herd, and the white dress of the farmer's handsome daughter? Near and more near draws the huge square-headed boat, the splashing sound of the water broken by the bleating of the lambs, the lowing of oxen, and the voices of the passengers ; heard for a moment, then lost again, just as the breeze rises and falls at intervals. How clear is the figure of the ferryman reflected, with his weather-stained jacket, as he leans over with the long boat-hook, rearing it at first, like a mast, above his head, then lessening it as the lumbering craft advances, now reaching but a yard above him, then coming to a level with his brawny shoulders, against which it rests, while with all his strength he walks the whole length of the boat, and red in the face as a lion, pushes her across the river. Up comes the long boat-hook once more, from out the clear water under which it was buried, high up in the sky it rears, making a hundred pretty dimples with the drops that fall from it, the same Herculean arm again plants it in the river-bed, if it slips, overboard he goes, as he has done many a time; on, onward another length he walks, he has given her plenty of head-way now, and she will soon come grinding upon the gravelly shore.

Dost thou love beautiful pictures which bring before the eye, the still green rural scenes of pastoral England ? If so look on this. That white-washed old-fashioned building (partly covered with ivy), with its bay windows reflected in the river, is as ancient as the tall elm trees that overtop it. It has been a public-house ever since it was built, and never was known by any other name than the Old Ferry House. It stood as it does now, with its twisted chimneys and gable-ends, when one summer morning four of Cromwell's iron-sided soldiers, who bore on their helmets the marks of Marston Moor, came across, " fiery red with speed,” to hunt out an old royalist,

who resided in the Elizabethan manor-house, which is still standing in the village. One may almost picture the old Puritans, with their pistols in their belts, and the bridles thrown over their arms, as they stand ready to leap out on the opposite shore. It would look well on canvas: one might tell by a glance at the countenance of the sturdy ferryman, that they would obtain but little information from him about the hiding-place of the brave cavalier. Look at the brown high road, which comes bending down the brow of the hill from the centre of the wood that shadows its summit, until it dips into the very edge of the river. That road is almost as old as the hill over which it stretches; over there and across the river has been the highway to the neighbouring market-town behind us ever since the time of the Saxons, for there was a ferry here when William the Norman compiled that gloomy catalogue, called “Doomsday Book.” There was once a wooden bridge a mile or two lower down the river, but it was swept away ages ago by a winter-flood, and was never again rebuilt. Tradition says that the ferryman who then lived, went down in his boat in the night, and sawed the middle piles of the wooden bridge asunder; but this is an old-world-story, and all such ancient places abound in traditions. What groups descend the hilly road ! How slowly that boy comes creeping down with his lambs: if he does not move quicker, the farmer on his chestnut horse will be at the ferry before him. How steadily the old woman comes trudging along in her scarlet cloak, with her black gipsy bonnet tied over her arm, and the basket steadied on her head; she has outstripped the old man in the blue frock, driving the donkey with its huge pair of panniers, which are filled with peas and new potatoes. That young lady in the riding-habit, who comes cantering along on her long-tailed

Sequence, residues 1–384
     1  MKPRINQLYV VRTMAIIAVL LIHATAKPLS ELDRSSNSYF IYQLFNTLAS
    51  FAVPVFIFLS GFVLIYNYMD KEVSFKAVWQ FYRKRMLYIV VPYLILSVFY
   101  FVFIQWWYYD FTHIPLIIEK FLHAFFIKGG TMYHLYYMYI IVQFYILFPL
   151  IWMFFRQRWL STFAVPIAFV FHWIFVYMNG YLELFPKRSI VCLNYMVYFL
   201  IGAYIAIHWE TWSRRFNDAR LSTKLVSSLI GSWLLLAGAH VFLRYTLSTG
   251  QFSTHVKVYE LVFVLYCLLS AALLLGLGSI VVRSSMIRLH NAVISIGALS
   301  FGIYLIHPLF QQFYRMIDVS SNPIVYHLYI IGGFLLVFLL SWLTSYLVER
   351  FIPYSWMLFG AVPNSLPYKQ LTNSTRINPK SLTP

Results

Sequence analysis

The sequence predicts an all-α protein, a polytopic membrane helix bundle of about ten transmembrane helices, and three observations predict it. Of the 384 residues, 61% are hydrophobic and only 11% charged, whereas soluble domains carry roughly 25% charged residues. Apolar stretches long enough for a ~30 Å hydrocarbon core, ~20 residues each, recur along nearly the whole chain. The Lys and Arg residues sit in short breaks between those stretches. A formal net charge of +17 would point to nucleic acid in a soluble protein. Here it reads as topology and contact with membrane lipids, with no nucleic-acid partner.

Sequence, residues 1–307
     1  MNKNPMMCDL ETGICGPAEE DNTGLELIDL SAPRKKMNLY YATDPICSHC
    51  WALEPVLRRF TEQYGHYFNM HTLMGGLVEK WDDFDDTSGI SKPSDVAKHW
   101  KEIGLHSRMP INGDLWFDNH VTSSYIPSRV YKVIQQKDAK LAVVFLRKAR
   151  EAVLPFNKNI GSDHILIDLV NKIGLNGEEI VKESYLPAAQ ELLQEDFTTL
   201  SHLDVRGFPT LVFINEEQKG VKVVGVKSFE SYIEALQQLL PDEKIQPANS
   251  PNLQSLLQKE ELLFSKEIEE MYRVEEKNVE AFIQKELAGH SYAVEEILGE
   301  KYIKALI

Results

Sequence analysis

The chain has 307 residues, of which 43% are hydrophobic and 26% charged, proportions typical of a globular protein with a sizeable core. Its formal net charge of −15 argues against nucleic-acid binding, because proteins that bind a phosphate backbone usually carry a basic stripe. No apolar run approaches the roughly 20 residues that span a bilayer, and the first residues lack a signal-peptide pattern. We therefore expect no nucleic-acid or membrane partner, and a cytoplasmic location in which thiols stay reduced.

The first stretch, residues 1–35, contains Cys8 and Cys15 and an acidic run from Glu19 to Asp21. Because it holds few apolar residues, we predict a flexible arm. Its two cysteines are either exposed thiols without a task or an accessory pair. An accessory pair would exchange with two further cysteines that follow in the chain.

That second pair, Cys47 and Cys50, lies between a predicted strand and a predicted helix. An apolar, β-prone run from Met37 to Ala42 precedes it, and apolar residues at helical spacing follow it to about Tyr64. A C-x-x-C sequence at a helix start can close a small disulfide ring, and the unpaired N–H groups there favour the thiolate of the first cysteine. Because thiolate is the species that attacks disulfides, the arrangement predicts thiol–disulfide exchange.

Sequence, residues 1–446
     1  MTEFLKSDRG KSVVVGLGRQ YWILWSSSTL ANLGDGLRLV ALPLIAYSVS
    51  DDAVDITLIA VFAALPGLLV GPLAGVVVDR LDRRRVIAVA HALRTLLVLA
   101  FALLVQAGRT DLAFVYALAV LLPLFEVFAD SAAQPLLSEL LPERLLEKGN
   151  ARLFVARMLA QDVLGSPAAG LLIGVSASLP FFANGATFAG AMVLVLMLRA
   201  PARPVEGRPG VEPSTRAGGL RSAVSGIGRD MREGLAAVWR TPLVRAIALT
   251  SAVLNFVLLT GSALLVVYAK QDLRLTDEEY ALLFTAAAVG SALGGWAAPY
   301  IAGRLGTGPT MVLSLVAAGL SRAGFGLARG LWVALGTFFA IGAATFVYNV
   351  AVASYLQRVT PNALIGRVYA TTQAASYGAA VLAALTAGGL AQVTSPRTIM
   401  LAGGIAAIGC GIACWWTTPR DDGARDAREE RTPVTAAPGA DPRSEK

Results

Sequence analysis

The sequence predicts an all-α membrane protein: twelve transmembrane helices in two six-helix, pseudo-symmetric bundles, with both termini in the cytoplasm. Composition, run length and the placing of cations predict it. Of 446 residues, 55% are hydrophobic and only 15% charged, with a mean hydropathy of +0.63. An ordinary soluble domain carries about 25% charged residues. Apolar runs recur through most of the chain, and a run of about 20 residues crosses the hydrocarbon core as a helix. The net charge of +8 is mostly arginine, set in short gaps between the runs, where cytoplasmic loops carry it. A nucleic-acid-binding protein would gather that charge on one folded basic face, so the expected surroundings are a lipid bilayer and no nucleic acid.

pony, is the daughter of one of the richest farmers in the village; she is off a-shopping, and the young drapers will put on their best bows when she arrives. You should see with what grace she will enter the shop of the head milliner in the market-place, carrying her riding whip in her hand, and holding up her habit as a duchess does her train on a drawing-room day: she has pulled up to gossip with the old woman in the scarlet cloak, who is one of her father's tenants; she will listen until they reach the ferry, and hear all about old John's rheumatics, and the goose the fox carried off the other night; the storm that blew down so many young apples; the fence the pigs broke through, and the cabbages and lettuces they consumed; and how near the old woman's daughter Deborah was of being married, when James " come to his harm” by a kick from the horse. And the young lady will persuade her father to mend the fence, and replace the goose, and old John's rheumatics will be attended to--for the lady's grandmother is still alive, and grows no end of herbs in one corner of the garden, and has bottles filled with decoctions and lotions, which, with her presents of chicken broth and jellies, are found very strengthening.